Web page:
Machado Rules Pier -- and Peers
If a statement was made on the final day of the Honda U.S. Open of Surfing, it began during the quarterfinals, on a large left-handed wave on which Rob Machado performed the kind of mastery that has made him a favorite among fans as well as today’s top pros.
It continued through Sunday’s semifinals when the goofy-footer from Cardiff-by-the-Sea disposed of one of his biggest admirers, and concluded in the form of a triumph over Roy Powers and an unprecedented third U.S. Open title before tens of thousands of spectators at Huntington Beach Pier.
Not bad for someone who now considers competitive surfing merely a vehicle for proving that one doesn’t have to be on tour to be regarded as one of the world’s best surfers.
“It’s more about making a statement to myself because that’s the one thing I miss about being on tour,” said Machado, who typically competes in about five contests annually. “These guys are traveling together all the time and they’re always surrounded by a real high level of surfing.
“And when you’re not on tour you just don’t have that level of surfing around you. So it inspires me -- it’s fun to go out there and test myself against these guys, to see how I hold up.”
Machado, 32, was once a top competitor on the Assn. of Surfing Professionals’ World Championship Tour. He was ranked No. 8 in 1993, his first year. He improved to No. 2 in 1995, when his semifinal loss to Kelly Slater at the season-ending Pipeline Masters in Hawaii kept him from winning the world title.
Burnout, marriage and, ultimately, a budding family hampered Machado’s enthusiasm thereafter, and a broken hand suffered in 2001 led to a split with the tour -- after he was denied an injury wildcard for 2002 and told he must work his way back through the World Qualifying Series tour.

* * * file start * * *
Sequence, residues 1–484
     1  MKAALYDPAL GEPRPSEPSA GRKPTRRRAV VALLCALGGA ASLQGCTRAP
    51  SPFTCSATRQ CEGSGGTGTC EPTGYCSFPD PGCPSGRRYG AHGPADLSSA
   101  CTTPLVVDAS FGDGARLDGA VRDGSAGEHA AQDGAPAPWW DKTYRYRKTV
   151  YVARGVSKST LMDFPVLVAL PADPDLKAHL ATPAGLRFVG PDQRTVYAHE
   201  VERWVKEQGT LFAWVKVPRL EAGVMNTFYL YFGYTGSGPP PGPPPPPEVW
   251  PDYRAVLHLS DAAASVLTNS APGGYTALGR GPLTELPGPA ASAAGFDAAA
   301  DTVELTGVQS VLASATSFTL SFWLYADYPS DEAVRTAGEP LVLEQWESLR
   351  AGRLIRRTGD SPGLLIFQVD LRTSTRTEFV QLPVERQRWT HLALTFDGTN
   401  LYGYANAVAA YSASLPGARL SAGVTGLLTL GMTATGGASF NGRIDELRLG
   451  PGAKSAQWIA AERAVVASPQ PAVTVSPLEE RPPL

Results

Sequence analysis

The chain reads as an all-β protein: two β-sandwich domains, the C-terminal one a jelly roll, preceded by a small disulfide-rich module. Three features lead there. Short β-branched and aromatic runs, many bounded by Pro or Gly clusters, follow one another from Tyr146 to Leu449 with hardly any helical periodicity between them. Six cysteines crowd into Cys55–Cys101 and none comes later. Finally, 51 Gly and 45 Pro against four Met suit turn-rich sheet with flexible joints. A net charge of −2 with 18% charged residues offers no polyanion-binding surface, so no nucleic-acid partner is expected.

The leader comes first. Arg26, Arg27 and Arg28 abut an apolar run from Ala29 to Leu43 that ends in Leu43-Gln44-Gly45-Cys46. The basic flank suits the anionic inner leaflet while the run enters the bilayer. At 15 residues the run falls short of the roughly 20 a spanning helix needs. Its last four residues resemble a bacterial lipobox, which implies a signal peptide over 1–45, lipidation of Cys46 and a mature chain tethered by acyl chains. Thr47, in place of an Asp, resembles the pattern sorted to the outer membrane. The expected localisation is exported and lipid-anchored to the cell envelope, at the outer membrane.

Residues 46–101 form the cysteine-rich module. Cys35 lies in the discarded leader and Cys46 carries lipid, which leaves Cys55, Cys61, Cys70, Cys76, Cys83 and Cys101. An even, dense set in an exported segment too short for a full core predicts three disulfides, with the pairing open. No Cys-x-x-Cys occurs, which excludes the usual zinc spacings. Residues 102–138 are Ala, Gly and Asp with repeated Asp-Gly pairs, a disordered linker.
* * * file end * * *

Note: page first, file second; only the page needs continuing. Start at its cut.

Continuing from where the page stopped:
Machado instead signed with Hurley and maintained his popularity through photo and video excursions, magazine shoots and public appearances -- plus, the occasional contest.
“The guy is a machine and can get the scores on any wave he goes on,” said Powers, who is ranked No. 41 on the WCT and will benefit from the WQS points he earned by making the U.S. Open finals. “I could have maybe applied a bit more pressure, but I wanted to win honorably and I came really close.”
Sunday was a marathon played out in four- to six-foot windblown waves. Machado won a three-man Round of 12 heat in the morning and was matched in an elimination quarterfinal against Australia’s Josh Kerr. It was close until Machado gouged a six-footer to the pier and brought the crowd to its feet with a tail-slide reverse as he was shooting the pilings.
He earned an 8.67 out of a possible 10 and Kerr was unable to better Machado’s two-wave score of 15.17.
In a semifinal against San Clemente’s Mike Losness, Machado caught only four waves to Losness’ six, but his two top scores of 7.17 and 6.90 enabled him to post a 14.07-13.50 victory.
Losness afterward labeled it an honor to lose to his childhood hero.
Against Hawaii’s Powers, Machado thrilled the crowd with vertical top turns, by throwing water with tail slides and, on one inside section, by negotiating a 360 reverse.
With six minutes left, Powers needed a 6.33 to take the lead but Machado held wave priority and utilized the system to perfection, shadowing his rival and feigning paddling into waves to keep Powers off the good ones.
Time expired and Machado had won a six-star event that will propel him up the WQS rankings and put him position to make a run for next year’s WCT.
Though intrigued, Machado hardly seemed thrilled by the prospect of going on tour again.
“On tour a contest becomes just another contest and you just blow through them like they’re no big deal,” he said. “And now they’re more of a big deal for me.
“Since I don’t surf too many it’s fun to get excited and come to an event like this and feel the nervous energy -- because you’re not doing it week in, week out.”
As far as his rivals are concerned, that’s probably a good thing.